alexa Abstract | The tympanic membrane displacement test and tinnitus: preliminary report on clinical observations, applications, and implications

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The tympanic membrane displacement test (TMDT) is an attempt to record intracranial pressure (ICP) reflective of an intracranial pulse pressure amplitude wave (IPPA) transmitted to the inner ear and tympanic membrane with a probe placed into the external ear canal. Twelve tinnitus patients, divided into two groups, who were resistant to attempts to achieve tinnitus control or relief were selected for the TMDT. The group 1 TMDT recordings were obtained on one session test date, and group 2 (n = 6) recordings were obtained sequentially on different session test dates. Patient selection with the medical audiologic tinnitus patient protocol (MATPP) identified all to have a nonpulsatile, predominantly central-type severe disabling subjective idiopathic tinnitus (SIT) resistant to attempts for tinnitus relief with instrumentation or medication. Associated complaints in all selected SIT patients included persistent ear blockage in the SIT ear, normal middle-ear function, controlled secondary endolymphatic hydrops in the SIT ear, sensorineural hearing loss of high frequency, hyperacusis, occasional vertigo, and central nervous system complaints of headache, head pressure, and cognitive interference in memory and/or speech expression. Clinical concern is for the presence of an increased ICP reflecting an idiopathic intracranial hypertension (IIH) which, if not identified and treated, may be a factor influencing the clinical course of this particular cohort of SIT patients, highlighted by persistent ear blockage and associated complaints as described. Objectives: We set out to accomplish a number of goals: (1) To identify abnormal intracranial pulse pressure (IPPA ICP) with the extracranial TMD in a preselected particular cohort of SIT patients clinically suspected (by use of the MATPP) to have an abnormal ICP (i.e., IIH); (2) to identify the abnormal IPPA ICP as a positive indicator for IIH and as a factor - not an etiology - influencing the clinical course of SIT in a preselected cohort of SIT patients; (3) to identify with the TMDT in SIT patients spontaneous nonevoked recordings of intra-aural pressure and test-retest reliability of the TMDT; (4) to identify with the TMDT levels of normal and abnormal IPPA ICP in real time in the clinical course of SIT (i.e., an objective diagnostic and treatment monitor function of the TMD targeting ICP and IIH before and after treatment); (5) to attempt to establish a correlation of treatment efficacy, targeting preand post-ICP as a manifestation of IIH, with SIT subjective tinnitus relief; (6) to identify the limitations and complications of the TMDT; and (7) to share with the reader the evolution of a new science of brain pulsatility and a technology having a clinical application for otology and neurotology complaints of hearing loss, tinnitus, ear blockage, and vertigo. The results reported in the literature complement and alter conventional medical teaching focusing on brain pulsation, absolute intracranial pressure, and brain disease. Method: The Southampton Tympanic Membrane Displacement Analyzer was used to record spontaneous intra-aural pressure waves in 12 SIT patients. Patients selected for the TMDT were divided into two groups: Group 1 (n = 6) recordings were obtained on one session test date, and group 2 (n = 6) recordings were obtained sequentially on different session test dates. Multiple recordings were attempted in all patients to identify test-retest reliability in both groups. An attempt for treatment and control of an elevated ICP with or without reduced cerebral compliance (CC) was recommended in 4 patients. Results: With single and multiple recordings using the TMDT, the IPPA (i.e., ICP) was demonstrated to be abnormal and to fluctuate in the clinical course of 10 of the 12 predominantly central-type tinnitus patients (SIT): abnormal IIPA with reduced CC in 8 of 12 patients and normal IPPA with reduced compliance in 2 of 12. Tinnitus treatment results targeting ICP as a manifestation of IIH with Diamox were positive in the short term in 2 patients and incomplete in 3. The SIT relief is reflective of fluctuation in the ICP and the overall issue of multifactorial brain pulsatility. Conclusions: (1) The TMDT demonstrated repeated and consistent spontaneous nonevoked recordings of displacement of the tympanic membrane, reflective of intra-aural pressure, abnormal IPPA ICP in a preselected particular cohort of SIT patients clinically suspected to have an abnormal ICP (i.e., IIH). (2) Test-retest reliability of the TMDT was positive. (3) The results of the TMDT application for identification of an elevated ICP and reduced CC were positive in 10 of 12 particular preselected patients with nonpulsatile, predominantly central-type SIT resistant to attempts for tinnitus relief with instrumentation or medication. These positive findings support clinical and basic science investigations previously reported in the literature. (4) The clinical significance of these preliminary results of an elevated ICP in a particular cohort of SIT patients supports the clinical impression of the presence of an IIH and its influence on the clinical course and overall treatment of SIT. (5) A final conclusion as to the clinical significance of an elevated ICP and reduced CC for IIH and the diagnosis and treatment of tinnitus remains to be established.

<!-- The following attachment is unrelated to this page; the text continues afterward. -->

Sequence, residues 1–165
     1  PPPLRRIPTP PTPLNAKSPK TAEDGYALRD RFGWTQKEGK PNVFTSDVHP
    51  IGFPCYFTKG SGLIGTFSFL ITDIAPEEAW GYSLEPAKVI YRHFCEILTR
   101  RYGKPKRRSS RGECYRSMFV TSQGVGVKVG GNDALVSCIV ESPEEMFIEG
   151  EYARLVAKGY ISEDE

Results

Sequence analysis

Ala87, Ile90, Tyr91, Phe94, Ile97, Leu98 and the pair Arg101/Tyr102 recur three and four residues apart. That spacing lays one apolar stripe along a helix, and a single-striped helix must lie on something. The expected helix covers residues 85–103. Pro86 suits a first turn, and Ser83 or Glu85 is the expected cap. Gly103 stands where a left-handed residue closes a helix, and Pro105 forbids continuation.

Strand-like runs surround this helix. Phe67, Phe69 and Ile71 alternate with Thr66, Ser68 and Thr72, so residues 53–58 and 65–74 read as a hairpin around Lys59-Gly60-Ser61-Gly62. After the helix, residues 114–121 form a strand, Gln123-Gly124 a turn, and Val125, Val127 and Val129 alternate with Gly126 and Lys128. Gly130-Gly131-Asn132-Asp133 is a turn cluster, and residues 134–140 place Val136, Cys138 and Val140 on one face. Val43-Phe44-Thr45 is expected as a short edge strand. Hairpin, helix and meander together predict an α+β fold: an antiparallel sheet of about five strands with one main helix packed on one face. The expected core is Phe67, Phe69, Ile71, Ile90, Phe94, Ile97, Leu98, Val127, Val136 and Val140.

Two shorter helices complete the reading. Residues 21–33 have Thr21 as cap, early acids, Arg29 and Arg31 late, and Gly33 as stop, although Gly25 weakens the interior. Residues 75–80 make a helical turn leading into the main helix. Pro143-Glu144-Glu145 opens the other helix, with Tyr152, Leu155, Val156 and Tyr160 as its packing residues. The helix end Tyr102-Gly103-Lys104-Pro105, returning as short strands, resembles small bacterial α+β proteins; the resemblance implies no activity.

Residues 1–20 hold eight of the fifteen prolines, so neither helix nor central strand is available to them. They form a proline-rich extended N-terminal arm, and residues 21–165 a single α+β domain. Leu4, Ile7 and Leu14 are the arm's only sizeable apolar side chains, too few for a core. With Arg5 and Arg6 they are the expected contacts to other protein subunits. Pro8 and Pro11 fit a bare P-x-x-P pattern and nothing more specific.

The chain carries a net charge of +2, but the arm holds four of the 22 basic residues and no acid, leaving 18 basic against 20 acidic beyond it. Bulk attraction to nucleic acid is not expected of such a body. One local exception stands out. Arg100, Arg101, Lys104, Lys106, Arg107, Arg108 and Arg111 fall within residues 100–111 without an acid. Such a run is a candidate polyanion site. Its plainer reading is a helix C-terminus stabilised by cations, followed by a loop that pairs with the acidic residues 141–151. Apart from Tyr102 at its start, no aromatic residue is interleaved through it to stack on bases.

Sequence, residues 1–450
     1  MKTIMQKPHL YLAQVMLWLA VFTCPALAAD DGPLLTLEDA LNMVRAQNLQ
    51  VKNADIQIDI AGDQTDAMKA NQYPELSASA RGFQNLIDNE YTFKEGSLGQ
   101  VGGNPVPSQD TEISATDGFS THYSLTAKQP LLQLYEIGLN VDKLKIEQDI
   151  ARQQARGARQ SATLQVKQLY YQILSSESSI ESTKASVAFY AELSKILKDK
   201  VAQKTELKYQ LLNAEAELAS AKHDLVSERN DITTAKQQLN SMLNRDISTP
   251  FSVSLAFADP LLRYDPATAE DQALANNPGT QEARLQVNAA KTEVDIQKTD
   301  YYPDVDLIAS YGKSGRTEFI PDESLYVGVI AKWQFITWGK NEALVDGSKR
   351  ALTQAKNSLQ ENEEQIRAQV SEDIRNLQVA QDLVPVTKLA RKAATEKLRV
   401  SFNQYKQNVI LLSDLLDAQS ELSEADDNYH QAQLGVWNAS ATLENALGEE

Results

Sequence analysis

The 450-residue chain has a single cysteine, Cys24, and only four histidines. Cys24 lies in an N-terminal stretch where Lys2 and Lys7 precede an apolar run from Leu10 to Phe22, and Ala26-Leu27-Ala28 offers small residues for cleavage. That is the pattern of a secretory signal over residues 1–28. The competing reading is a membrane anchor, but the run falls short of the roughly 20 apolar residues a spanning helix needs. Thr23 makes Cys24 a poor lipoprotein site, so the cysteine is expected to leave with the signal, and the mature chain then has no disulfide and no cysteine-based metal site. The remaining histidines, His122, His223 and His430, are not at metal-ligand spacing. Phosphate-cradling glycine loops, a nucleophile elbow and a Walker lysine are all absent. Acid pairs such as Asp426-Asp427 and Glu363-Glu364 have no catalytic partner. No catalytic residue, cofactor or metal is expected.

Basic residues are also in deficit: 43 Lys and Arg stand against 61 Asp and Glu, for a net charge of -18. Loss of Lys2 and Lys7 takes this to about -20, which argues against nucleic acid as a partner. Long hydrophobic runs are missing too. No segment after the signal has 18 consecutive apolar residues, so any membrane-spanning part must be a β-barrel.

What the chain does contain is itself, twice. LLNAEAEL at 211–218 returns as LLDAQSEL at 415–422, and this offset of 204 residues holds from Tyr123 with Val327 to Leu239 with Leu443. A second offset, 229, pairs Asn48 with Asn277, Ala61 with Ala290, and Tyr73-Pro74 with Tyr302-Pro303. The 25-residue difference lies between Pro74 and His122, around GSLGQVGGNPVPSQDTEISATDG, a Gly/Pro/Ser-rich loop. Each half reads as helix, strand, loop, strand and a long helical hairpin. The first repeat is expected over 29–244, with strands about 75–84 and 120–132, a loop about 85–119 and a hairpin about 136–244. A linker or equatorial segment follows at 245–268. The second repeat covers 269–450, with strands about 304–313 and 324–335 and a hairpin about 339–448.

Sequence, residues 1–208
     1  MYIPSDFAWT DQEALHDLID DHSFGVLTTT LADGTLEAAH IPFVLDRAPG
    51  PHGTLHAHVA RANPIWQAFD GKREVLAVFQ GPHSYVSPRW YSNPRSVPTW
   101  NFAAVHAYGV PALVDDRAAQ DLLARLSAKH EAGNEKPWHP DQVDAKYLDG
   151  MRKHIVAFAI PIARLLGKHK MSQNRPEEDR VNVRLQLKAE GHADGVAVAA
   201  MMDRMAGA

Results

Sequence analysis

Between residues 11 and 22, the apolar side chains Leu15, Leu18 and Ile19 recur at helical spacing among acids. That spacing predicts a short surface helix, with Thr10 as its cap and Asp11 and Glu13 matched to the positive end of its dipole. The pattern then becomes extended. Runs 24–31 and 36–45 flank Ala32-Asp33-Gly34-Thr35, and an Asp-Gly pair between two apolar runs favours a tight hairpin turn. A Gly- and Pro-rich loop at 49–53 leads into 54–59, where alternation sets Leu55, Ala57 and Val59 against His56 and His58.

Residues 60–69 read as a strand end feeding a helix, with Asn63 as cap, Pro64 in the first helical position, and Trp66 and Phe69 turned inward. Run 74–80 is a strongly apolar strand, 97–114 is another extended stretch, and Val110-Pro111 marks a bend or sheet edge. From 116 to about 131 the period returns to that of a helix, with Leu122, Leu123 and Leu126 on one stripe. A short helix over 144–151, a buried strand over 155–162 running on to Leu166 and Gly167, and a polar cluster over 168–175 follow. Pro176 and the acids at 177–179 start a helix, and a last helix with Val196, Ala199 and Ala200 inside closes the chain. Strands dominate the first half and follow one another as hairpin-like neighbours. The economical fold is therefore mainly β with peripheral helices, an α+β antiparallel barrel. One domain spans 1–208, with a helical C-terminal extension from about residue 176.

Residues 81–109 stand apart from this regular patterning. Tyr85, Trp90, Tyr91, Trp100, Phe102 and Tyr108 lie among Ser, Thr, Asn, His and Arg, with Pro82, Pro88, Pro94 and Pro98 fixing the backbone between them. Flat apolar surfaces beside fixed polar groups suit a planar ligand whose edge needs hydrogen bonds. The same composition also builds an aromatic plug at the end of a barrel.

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Author(s): Abraham Shulman Barbara Goldstein Robert J Marchbanks


autoregulation cerebral compliance, idiopathic intracranial hypertension, intra-aural pressure waves, intracranial pressure, intracranial pulse pressure amplitude, tympanic membrane displacement test

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